Monday, October 21, 2013


So yesterday we had scrambled cows tails.  How to figure that out ?  I decided that I needed to look more closely at the way adaptive components orient themselves in repeaters.

I created a family called (enigmatically) "Arrow" ... an extrusion sitting on an adaptive point.  Then I placed this onto a couple of curved repeaters and explored all manner of variations, taking snapshots along the way.

Here's the challenge.  I want to label the snapshots.  There are going to be 12 of them.  There is no text available in conceptual massing.  I could label them afterwards of course, but it's less confusing if I do it immediately.

My solution was to create a generic model family featuring model text.  Rig up a couple of parameters to allow me to type in the text I want (type parameter) and to control the size (instance).  I added a second line with the fixed text "Always vertical" and gave this a visibility control.  I also added a parameter to control the depth of the text and set it to automatically be one fifth of the height.

See posts by Kelvin & Philip for more examples of model text in components.  So then I steadily worked my way through the available options, taking snapshots as I went along.

Do I understand exactly what's going on here ?  To be honest, not really, but at least I have a useful set of diagrams to refer to next time I am stumbling around in the dark trying to figure out why I repeater is not working like I want it to.

And for the problem at hand (scrambled cow's tail) I found a workable solution.  Might as well stick with the default option (by host reference)  If you imagine yourself inside the repeating component, the path is going vertically up from the origin.  Think of yourself as diving down the path.  You have your nose on the origin pointing downwards and the path is flying upwards behind you.  When you press repeat, multiple copies of yourself will populate the path behind you, as if chasing you down the rabbit hole.

If it's a curved path, the component will orient itself to the plane of the curve.  So I was able to compensate for this by building an angle parameter into the component.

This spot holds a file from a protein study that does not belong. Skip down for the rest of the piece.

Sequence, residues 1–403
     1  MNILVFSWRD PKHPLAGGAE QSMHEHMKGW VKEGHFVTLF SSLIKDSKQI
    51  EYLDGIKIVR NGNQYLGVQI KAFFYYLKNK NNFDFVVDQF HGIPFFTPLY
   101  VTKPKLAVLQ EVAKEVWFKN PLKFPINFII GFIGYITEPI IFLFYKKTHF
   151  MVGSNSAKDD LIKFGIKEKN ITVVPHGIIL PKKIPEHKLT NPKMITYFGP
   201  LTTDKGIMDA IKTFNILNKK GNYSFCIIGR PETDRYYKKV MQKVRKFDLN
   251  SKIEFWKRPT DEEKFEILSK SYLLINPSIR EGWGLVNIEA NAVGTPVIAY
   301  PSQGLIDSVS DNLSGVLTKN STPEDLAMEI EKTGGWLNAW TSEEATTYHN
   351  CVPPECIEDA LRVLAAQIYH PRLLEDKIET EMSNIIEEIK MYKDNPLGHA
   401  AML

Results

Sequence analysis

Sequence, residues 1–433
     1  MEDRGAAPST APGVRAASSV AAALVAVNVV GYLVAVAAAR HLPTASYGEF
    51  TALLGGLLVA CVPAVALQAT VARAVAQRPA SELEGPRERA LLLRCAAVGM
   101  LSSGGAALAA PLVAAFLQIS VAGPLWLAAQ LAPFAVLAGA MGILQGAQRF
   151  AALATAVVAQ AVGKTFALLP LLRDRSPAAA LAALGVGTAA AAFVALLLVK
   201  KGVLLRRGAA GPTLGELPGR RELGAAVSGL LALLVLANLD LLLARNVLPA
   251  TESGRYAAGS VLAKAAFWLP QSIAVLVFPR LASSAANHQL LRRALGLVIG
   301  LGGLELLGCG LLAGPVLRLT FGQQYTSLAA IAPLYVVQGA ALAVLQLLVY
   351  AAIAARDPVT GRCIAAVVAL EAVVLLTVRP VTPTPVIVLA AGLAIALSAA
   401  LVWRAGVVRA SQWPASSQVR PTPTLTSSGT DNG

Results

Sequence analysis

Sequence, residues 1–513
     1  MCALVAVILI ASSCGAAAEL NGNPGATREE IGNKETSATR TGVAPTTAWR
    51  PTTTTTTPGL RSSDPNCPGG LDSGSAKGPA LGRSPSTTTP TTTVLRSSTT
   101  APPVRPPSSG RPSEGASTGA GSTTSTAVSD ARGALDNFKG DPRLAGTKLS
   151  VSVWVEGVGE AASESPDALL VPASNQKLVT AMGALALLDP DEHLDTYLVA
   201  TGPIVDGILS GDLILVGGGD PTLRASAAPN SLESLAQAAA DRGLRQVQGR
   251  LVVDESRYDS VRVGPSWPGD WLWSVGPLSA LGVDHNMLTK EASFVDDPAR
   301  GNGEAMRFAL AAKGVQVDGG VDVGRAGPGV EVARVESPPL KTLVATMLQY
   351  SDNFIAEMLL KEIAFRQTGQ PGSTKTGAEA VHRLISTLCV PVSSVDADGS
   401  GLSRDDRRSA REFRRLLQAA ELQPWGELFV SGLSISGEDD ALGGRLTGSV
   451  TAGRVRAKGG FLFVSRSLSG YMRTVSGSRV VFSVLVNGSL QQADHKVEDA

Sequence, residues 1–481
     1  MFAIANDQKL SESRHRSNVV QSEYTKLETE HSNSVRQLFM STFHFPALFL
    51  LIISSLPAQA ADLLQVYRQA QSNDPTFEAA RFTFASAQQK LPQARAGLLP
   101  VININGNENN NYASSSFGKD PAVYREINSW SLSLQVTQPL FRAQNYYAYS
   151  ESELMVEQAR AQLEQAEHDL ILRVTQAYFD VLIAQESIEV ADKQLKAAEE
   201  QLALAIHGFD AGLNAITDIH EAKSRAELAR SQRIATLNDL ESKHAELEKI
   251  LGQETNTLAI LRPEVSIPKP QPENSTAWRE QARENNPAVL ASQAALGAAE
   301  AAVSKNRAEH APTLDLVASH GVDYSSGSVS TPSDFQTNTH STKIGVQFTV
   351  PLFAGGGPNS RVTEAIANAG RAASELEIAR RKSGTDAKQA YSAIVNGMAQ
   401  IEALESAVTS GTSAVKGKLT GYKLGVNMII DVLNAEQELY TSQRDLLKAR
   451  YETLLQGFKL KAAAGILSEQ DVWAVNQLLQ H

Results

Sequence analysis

The next challenge was to have the vertebrae diminish along the length of the tail.  That's what they do right ?  Zach gave a solution to this long ago and others have developed it since.  You need a second placement point in your family & a reporting parameter telling it how far apart the two points are.

Normally the one point is fixed and the distance increases as the repeating components get further away.  I managed to make it work tolerably well, just the odd orphaned bone from time to time.

That was basically a morning's work.  Felt all boned out after that, so in the afternoon I decided to tack something completely different.  I knew that Escher was going to be my featured artist, so I thought I would have a go at tesselations.

I started out with a triangular grid and two types of floor (red & white). Make a triangular piece of floor and copy it around.  Change the type of alternating pieces.  As you move across from left to right, take one side at a time and replace the straight line with an "S" curve.  This is the essence of Escher's well known metamorphosis theme, which he repeated many times in different ways.

Finally convert one side to a more elaborate set of curves.  Now you have a shape which could be a bird or a fish. We need a bit of subtle detail to make this clear.  That's going to get messy if we stay with the floor by sketch method.  The system floor tool was great to allow the freedom of editing the various transitional forms and edge pieces in place, but for the final design we need a component, aka "loadable family" aka whatever.

Just two extrusions with material parameters to reverse the coloration of the types.  Very simple stuff, but sometimes less is more.  I rather like the end result, a metamorphing floor.

I went on to try another one.  Once again I started out with a simplified version of the basic geometry.

Then I fleshed this out a bit.  Let it build in complexity from left to right.  I didn't take this one through to completion because I started thinking about ideas of my own.

So I gave it a whirl.  Again start with a simple geometrical idea.  Then gradually transform it into something vaguely organic.   I won't pretend this is a great success, but you gain a deeper impression of the difficulties involved when you travel the road yourself.  Once again, I hope to return to this aspect of the challenge later if I can fit it in.

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